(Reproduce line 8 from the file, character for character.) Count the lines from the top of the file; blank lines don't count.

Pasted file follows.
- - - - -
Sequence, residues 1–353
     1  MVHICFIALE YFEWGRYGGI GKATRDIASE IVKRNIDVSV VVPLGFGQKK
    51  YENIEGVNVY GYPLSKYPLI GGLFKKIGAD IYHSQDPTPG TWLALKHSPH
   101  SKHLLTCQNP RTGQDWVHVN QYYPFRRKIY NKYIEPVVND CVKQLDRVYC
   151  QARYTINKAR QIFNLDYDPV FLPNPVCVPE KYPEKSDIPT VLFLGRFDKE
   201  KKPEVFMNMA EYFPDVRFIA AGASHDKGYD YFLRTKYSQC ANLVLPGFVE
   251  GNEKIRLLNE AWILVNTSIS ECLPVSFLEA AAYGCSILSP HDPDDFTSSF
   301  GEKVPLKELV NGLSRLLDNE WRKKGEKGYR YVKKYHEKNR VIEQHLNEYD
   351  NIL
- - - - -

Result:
   301  GEKVPLKELV NGLSRLLDNE WRKKGEKGYR YVKKYHEKNR VIEQHLNEYD